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Old 11-15-2010, 02:20 PM   #341
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Do you have a signed contract that says your benefits can not be touched ever Didn't think so... (if you do, then the lawyers did a very bad job as all benefit plans that I have ever seen has a clause in them where they can be changed at the employer discression)...

And as I said... the constitution can be changed...


If you also read.... I said we can not change your earned pension....


But, let's say that you still think that it is a contract obligation that we can not change going forward... what prevents us from firing everybody and then rehiring them under a new contract Unless you are working under a signed contract that has a specific time period, I don't think that you are hired forever (or do you think so)...
[mod edit]I had a signed contract in 1977 that specified the pension system.
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Old 11-15-2010, 02:24 PM   #342
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I had a signed contract in 1977 that specified the pension system.
Just curious, did the contract you signed specify that the pension system would remain the same as it was the day you signed for as long as you chose to be employed in the system? Or did it only guarantee "sameness" for years already credited? That is, pension rules could be changed for existing employees for future years but not for years already credited?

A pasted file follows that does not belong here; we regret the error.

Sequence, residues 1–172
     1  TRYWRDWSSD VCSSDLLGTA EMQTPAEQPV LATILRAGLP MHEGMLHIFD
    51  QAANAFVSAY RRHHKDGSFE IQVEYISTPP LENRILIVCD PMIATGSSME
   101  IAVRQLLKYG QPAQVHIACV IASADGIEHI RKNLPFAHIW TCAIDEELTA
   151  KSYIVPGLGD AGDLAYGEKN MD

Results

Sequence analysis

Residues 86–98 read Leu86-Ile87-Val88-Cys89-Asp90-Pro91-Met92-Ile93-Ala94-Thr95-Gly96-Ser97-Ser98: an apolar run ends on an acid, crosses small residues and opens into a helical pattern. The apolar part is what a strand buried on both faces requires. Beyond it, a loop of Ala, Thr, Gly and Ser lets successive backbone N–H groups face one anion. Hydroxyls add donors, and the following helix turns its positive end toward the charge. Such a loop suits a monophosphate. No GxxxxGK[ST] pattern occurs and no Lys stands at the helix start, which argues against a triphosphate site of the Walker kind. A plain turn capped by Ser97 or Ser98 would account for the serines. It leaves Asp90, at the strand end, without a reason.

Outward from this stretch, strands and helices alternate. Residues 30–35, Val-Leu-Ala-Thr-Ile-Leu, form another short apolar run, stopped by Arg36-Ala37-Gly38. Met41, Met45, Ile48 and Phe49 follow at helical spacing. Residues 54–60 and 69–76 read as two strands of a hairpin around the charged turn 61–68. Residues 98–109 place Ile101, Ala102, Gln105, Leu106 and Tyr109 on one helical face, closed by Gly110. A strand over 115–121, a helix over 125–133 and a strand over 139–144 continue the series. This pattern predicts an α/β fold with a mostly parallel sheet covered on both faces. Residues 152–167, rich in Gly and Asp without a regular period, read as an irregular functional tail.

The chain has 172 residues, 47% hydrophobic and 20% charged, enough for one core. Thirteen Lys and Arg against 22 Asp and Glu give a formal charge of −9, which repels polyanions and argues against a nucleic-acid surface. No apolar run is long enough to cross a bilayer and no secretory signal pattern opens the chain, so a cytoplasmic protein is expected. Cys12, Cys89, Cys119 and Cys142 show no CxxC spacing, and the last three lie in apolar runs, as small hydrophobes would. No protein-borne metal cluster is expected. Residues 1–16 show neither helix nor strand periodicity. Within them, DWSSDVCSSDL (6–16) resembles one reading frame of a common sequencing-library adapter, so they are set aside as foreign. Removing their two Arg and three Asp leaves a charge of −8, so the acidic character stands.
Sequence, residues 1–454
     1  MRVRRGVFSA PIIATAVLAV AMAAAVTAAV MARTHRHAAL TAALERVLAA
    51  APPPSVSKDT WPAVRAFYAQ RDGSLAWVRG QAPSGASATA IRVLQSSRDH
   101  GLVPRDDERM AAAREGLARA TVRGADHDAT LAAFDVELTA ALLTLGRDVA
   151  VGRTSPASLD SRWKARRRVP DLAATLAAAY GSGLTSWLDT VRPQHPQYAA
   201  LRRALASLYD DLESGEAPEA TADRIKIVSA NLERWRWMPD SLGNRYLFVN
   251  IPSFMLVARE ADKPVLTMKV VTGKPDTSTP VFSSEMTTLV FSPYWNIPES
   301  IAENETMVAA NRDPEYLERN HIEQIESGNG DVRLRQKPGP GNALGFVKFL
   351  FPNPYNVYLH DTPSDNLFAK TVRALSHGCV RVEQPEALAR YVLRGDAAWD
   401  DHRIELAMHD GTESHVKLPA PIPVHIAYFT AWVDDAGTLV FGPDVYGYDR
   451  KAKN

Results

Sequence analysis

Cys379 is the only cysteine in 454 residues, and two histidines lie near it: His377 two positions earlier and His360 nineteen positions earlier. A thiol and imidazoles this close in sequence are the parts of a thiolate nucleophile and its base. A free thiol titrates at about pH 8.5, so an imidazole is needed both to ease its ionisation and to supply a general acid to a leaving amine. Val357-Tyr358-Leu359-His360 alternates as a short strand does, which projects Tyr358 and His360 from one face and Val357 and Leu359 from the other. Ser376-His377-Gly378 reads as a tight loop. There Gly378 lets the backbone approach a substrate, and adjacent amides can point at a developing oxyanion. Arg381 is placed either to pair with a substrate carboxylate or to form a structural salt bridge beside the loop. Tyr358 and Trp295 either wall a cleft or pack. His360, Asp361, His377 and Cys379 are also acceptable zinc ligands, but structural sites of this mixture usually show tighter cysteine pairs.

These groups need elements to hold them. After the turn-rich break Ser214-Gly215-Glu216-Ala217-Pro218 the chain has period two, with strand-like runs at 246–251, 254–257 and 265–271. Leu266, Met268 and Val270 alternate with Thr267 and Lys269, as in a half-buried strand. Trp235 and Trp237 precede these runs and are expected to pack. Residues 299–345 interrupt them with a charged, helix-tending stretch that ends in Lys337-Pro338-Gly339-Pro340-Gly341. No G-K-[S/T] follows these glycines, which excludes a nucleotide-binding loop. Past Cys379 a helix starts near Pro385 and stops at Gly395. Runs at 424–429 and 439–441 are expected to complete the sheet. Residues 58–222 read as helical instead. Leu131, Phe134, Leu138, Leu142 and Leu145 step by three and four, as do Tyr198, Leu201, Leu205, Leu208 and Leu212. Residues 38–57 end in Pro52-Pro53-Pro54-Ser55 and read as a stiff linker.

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Old 11-15-2010, 02:29 PM   #343
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RE:
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Originally Posted by ERD50 View Post
Your 'beliefs' are out of sync with the facts.

Again, unequivocally, this is not the case. In our school district, they ran into funding problems. The District had two options:
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Not sure you can dispprove someone's beliefs based on your anecdotal facts.
True, but it wasn't up to me to disprove it. It was beowulf who made the original statement that "most other public employees would not object to a pay freeze for a year or two...". So I want him to prove it, and extraordinary statements require extraordinary proof. Considering that most school teachers belong to a National Union, I doubt that our case is unique.